Uttam SURANA

Regulation of the Cell Division Cycle

Profile

Uttam SURANA
Lab Location: #6-12   Email: mcbucs@imcb.a-star.edu.sg   Tel: 65869503

Uttam Surana undertook his graduate studies at the University of Arizona and obtained a PhD from the Dept. of Molecular and Cellular Biology in 1986. Thereafter, he moved to the Dept. of Engineering at the University of Cambridge where he spent 2 years studying the mechanical properties of bacterial cell surface polymers and their role in cell shape determination. He spent the subsequent four years as a postdoctoral fellow at the Institute of Molecular Pathology in Vienna investigating various aspects of cell division in the budding yeast. He joined the IMCB in 1992. For his outstanding contribution to the understanding of control circuits that regulate cell cycle, Dr Surana was awarded in 2007 Singapore’s National Science Award.

Research

Regulation of the Cell Division Cycle

Cellular activities leading to division are highly regulated both in time and space. Violation of this precision can lead to genomic instability which may result in reduced cellular fitness, unbridled proliferation (cancerous growth) or death of parent and progeny cells. Valuable insights into the way cell division is controlled in complex systems, such as human cells, have come from investigations of relatively simple eukaryotes. The budding yeast Saccharomyces cerevisiae, (the model system we use for our investigations) is one such organism that has served remarkably well due to its amenability to genetic manipulations and because many of the pathways that regulate cell division are highly conserved from yeast to man.

Coordinated execution of cell cycle events is, in-part, imposed by checkpoint controls that ensure that a given event is not initiated until the preceding event is successfully completed. During S phase the genome is monitored by two such major control pathways, namely, DNA replication checkpoint and DNA damage checkpoint. When cells incur replication stress or DNA damage, these pathways prevent initiation of chromosome segregation until the damage is repaired. We have focused our investigations on the mechanisms by which checkpoint pathways prevent execution of mitotic events. Using various genetic and biochemical analysis, we have discovered that the replication checkpoint prevents premature chromosome segregation by directly regulating spindle dynamics, thereby inhibiting precocious spindle elongation. This has led us to closely examine the process of spindle assembly itself. We have uncovered a novel mechanism by which duplicated centrosomes are separated and moved apart to assemble a bipolar spindle. Our findings suggest that cyclin dependent kinase (Cdk1) and polo kinase act synergistically (with Cdk1 serving as a priming kinase for polo kinase) to inactivate the ubiquitin ligase APCCdh1 that mediates the proteolytic destruction of Cin8 and Kip1 kinesins essential for centrosome separation. An extension of these studies has revealed that the regulatory circuit involving Cdk1, Polo kinase, Cdh1 and kinesins is also utilized by the DNA damage checkpoint to prevent segregation of damaged chromosomes. Hence mitotic spindle has emerged as a novel target of S phase checkpoints. To take these studies forward we are investigating the mechanism by which hyper-activation of Rad53 (Chk2) during G2/M leads to mitotic spindle collapse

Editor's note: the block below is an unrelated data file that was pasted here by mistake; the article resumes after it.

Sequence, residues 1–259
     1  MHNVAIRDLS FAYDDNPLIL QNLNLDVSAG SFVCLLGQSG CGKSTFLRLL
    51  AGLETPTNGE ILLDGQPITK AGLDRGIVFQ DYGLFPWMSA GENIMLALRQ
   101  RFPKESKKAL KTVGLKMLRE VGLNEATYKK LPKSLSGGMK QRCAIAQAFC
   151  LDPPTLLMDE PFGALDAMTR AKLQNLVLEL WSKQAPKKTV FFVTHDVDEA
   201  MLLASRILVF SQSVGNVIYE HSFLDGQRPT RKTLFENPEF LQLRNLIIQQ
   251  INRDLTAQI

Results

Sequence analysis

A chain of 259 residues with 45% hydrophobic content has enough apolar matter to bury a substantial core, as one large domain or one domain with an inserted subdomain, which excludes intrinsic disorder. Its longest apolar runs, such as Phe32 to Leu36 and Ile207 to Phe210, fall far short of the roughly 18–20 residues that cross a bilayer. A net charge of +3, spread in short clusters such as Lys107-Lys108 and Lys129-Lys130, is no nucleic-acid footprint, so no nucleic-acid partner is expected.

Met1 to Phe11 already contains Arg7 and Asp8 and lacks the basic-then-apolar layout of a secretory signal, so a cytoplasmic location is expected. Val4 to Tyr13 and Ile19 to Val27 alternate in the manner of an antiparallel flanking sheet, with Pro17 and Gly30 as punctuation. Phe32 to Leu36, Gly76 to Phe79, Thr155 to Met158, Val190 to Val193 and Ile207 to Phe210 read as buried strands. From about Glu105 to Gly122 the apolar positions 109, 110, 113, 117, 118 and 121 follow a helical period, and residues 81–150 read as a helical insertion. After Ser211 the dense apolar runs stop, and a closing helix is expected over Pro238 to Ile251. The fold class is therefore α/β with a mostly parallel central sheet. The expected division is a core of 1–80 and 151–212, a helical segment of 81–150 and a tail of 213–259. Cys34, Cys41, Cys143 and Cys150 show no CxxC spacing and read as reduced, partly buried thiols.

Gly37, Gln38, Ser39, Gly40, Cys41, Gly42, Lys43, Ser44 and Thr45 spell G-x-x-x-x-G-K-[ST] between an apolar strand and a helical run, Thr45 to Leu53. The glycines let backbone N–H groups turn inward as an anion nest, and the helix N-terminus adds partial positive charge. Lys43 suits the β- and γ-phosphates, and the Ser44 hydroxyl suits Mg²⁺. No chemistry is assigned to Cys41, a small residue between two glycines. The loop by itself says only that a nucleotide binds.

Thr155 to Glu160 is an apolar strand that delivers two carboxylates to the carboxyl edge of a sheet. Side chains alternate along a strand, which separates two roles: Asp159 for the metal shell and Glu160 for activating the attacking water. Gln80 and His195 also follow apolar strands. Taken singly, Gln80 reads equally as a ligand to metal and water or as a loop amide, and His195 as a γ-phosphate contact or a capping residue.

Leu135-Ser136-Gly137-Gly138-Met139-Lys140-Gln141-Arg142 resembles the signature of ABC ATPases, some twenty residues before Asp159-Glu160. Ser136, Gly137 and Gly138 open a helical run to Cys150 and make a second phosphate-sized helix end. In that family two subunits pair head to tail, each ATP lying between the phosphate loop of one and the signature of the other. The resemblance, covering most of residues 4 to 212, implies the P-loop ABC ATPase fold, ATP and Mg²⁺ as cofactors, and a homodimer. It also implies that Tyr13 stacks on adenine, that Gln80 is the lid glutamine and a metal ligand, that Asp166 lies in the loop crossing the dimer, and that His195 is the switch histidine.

Recovery from (resumption of cell cycle progression after repair) or adaptation to (escape from arrest in the absence of repair) checkpoint-imposed arrest are also critical aspects of checkpoint regulation and have important implications for chromosome stability. Efforts are now underway to delineate the "adaptation pathway" utilized by cells to escape from DNA-damage-induced arrest

By studying the coordination of various cellular events, we hope to understand the molecular circuits through which eukaryotic cells exercise temporal and spatial control over their activities during cell division. In addition to providing clues to the organizing principles of living cells, such efforts may also lead to the identification of key regulator that could serve as targets for the therapeutic interventions against growth of cancerous cells. We are currently conducting screens to identify anti-proliferative compounds targeting key cell cycle regulators.








Staff

Department: Uttam SURANA

Name: Hong Hwa LIM

Designation: Research Scientist

Email: mcblimhh@imcb.a-star.edu.sg


Name: Vanessa Shi Qin NG

Designation: Research Officer

Email: sqng@imcb.a-star.edu.sg


Name: Gireedhar VENKATACHALAM

Designation: Research Fellow

Email: gireedharv@imcb.a-star.edu.sg


Name: Candice Qiu Xia YAM

Designation: Research Fellow

Email: qxyam@imcb.a-star.edu.sg


Name: Weimei RUAN

Designation: Research Fellow

Email: wmruan@imcb.a-star.edu.sg


Name: David Geok San GOH

Designation: Lab Biologist D

Email: gsgoh@imcb.a-star.edu.sg


Name: Renata PAVLOVIC

Designation: Collaborator

Email: renata_pavlovic@biotrans.a-star.edu.sg


Name: David Boy CHIA

Designation: Collaborator

Email: david_chia@biotrans.a-star.edu.sg


Publications

Kannan S, Venkatachalam G, Lim HH, Surana U, Verma C (2018)
Conformational landscape of Epidermal growth factor receptor kinase reveals a mutant specific allosteric pocket
Chemical Science 9:5212-5222

Lin J, Lee JJH, Paramasivam K, Pathak E, Wang Z, Pramono ZAD, Lim B, Wee KB and Surana U (2017)